Poland says will only send planes to Ukraine in NATO plan

Wednesday - 09/03/2022 10:43
As US Vice President Kamala Harris visits, Poland has said it is only ready to supply fighter jets to Ukraine as part of a NATO initiative. Washington had earlier rejected a proposal to pass Polish planes on to Kyiv.
It's thought the handover of the 28 planes might not change the course of the war, but could lift morale
It's thought the handover of the 28 planes might not change the course of the war, but could lift morale

Poland's prime minister on Wednesday said his country was prepared to make planes available to Ukraine, but that it would only do so through the NATO alliance.

Warsaw had come up with a plan to transfer its Russian-made fighter planes to a US military base to be passed on to Ukraine as the Russian invasion draws close to its third week, but this was dismissed by Washington.

What did Warsaw say?

Polish Prime Minister Mateusz Morawiecki said a decision about providing his country's fighter jets to Ukraine needed to be a joint decision made by NATO members. 

"We did not agree to supply planes by ourselves because it must be the decision of the whole of NATO," he said during a press conference on Polish television.

"The USA does not want these planes to come to Ukraine from American bases," the adviser, Jakub Kumoch, told public broadcaster TVP Info. "Poland is ready to act, but only within the framework of the alliance, within the framework of NATO."

Poland's decision to put the plan on ice comes before US Vice President Kamala Harris arrives for a visit to focus on the next steps in response to Russia's invasion of Ukraine.

What was the Polish proposal?

Poland had outlined a plan to take its 28 MiG-29 fighters, which would be familiar to Ukrainian pilots, to the US Ramstein airbase in Germany.

The expectation was that the aircraft would eventually be handed over to the Ukrainian air force.

The United States would, in return, then have supplied  Poland with US-made jets that had the "corresponding capabilities," such as the F-16s that are already a mainstay of the Polish air force.

However, the Poles hadn't first cleared that idea with the Biden administration, and the idea was quickly dismissed by the Pentagon.

Ukraine: Russian onslaught likely to get worse

Why is the West wary?

While the gift of MiG-29s would be a morale booster for Ukrainians, it would also risk the possibility of the war spreading beyond the country. 

Russia has already warned other nations and parties not to get involved in the conflict. The Kremlin said on Wednesday that Poland's offer of fighter jets was "highly undesirable and a potentially dangerous scenario."

Questions also remain over whether the planes would be enough to influence the course of fighting in Ukraine. The number of aircraft is relatively small and the MiG-29s also are inferior to more sophisticated Russian planes. They could possibly easily be targeted by Russian pilots and Russian missiles.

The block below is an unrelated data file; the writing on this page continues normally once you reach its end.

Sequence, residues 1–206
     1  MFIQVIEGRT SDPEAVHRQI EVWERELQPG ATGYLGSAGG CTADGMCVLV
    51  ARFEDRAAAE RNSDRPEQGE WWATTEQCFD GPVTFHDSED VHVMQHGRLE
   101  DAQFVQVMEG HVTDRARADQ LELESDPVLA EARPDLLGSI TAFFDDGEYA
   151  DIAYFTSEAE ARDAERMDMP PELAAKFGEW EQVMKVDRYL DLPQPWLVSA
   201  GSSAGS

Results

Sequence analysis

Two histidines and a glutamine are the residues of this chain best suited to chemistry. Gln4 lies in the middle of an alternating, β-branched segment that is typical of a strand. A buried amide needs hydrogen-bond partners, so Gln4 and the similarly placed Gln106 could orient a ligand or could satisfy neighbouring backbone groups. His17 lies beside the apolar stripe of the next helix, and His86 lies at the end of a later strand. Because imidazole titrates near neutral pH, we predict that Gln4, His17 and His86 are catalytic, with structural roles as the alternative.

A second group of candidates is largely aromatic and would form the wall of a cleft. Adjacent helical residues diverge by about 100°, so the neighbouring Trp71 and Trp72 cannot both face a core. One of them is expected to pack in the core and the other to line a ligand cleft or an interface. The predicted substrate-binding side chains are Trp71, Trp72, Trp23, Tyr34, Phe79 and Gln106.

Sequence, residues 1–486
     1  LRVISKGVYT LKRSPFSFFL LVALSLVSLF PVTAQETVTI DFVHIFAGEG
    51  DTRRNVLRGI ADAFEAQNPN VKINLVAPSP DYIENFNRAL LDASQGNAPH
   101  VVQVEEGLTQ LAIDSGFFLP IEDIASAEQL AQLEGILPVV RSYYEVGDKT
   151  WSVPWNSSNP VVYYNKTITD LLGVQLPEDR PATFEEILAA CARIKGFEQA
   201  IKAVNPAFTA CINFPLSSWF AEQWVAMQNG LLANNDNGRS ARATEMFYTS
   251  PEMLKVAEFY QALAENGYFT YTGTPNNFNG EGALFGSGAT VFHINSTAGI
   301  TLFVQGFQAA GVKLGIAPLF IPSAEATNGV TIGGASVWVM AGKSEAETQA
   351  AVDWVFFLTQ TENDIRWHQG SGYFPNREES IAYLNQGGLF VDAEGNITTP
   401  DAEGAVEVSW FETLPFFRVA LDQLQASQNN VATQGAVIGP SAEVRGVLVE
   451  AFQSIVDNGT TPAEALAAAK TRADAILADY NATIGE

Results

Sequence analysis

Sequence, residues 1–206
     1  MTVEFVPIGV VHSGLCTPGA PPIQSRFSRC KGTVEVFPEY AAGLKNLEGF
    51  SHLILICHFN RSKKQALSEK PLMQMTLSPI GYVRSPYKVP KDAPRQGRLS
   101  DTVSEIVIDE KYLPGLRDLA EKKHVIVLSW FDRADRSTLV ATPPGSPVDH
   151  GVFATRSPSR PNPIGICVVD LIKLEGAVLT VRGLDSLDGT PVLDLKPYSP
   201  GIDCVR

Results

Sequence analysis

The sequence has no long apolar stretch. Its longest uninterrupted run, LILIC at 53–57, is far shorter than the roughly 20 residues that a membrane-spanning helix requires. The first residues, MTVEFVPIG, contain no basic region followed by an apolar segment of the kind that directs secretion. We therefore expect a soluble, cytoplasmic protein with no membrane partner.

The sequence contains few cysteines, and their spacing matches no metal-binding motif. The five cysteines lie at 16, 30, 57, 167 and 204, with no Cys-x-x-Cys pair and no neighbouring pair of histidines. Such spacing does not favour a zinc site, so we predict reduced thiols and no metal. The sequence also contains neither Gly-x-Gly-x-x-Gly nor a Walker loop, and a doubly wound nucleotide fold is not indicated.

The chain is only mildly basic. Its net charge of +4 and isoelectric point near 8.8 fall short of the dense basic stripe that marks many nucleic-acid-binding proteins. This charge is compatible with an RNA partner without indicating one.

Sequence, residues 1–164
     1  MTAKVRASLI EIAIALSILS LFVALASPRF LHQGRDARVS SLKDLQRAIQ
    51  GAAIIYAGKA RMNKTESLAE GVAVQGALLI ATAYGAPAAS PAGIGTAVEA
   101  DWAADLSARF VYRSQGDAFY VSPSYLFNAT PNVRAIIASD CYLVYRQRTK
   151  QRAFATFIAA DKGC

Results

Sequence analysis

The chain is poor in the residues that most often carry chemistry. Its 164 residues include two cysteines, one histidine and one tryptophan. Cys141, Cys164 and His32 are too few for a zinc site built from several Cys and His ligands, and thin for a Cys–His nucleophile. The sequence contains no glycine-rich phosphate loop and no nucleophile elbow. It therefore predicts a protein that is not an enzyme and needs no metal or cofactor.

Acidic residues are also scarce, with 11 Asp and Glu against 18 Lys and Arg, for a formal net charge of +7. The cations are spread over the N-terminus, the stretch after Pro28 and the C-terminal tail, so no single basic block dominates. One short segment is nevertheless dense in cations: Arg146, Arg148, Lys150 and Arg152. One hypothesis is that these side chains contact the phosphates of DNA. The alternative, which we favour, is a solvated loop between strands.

What is the Ukrainian position?

Ukrainian President Volodymyr Zelenskyy on Tuesday denounced what he called the West's unkept "promises" to protect Ukraine from Russian attacks. He said assurances received so far have not been fulfilled.

Zelenskyy said on Wednesday the international community would be responsible for a mass "humanitarian catastrophe" if it did not agree a no-fly zone to protect his country.

"When will there be a decision? Look, we're at war!" Zelenskyy said in a video on his Telegram channel. "We ask you again to decide as soon as possible. Send us planes."

Establishing a no-fly zone over Ukraine, something also sought by Zelenskyy, has been rejected by Washington and NATO.

Russian President Vladimir Putin has threatened "colossal and catastrophic consequences" for Europe and the wider world, should a no-fly zone be implemented.

US vice president pays a visit

US Vice President Kamala Harris is traveling to Poland on Wednesday for what was planned to be a chance to thank Warsaw for taking in hundreds of thousands of Ukrainians fleeing their country after Russia's invasion.

She's also visiting Romania and is widely expected to reassure both countries of Washington's support.

Both Bucharest and Warsaw are increasingly wary of Russia's increased aggression in the region and are NATO's easternmost members. They each share a border with Ukraine, where thousands of refugees are arriving each day.

Harris is also expected to look at how NATO members can implement the economic sanctions put in place and remain aligned and move forward together.

She is due to talk to Ukrainian refugees in Poland and will discuss the war-related issues with Canada's Prime Minister Justin Trudeau, who is also visiting  Warsaw after meeting German Chancellor Olaf Scholz in Berlin on Wednesday.

rc/sms (AFP, AP, Reuters)

Author: Editors Desk


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